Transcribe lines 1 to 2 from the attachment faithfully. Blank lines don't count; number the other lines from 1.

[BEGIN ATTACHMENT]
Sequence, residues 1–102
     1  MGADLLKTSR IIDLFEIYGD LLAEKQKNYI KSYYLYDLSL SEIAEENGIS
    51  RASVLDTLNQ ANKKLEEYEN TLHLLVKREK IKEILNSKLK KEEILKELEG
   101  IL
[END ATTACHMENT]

Sequence, residues 1–102
     1  MGADLLKTSR IIDLFEIYGD LLAEKQKNYI KSYYLYDLSL SEIAEENGIS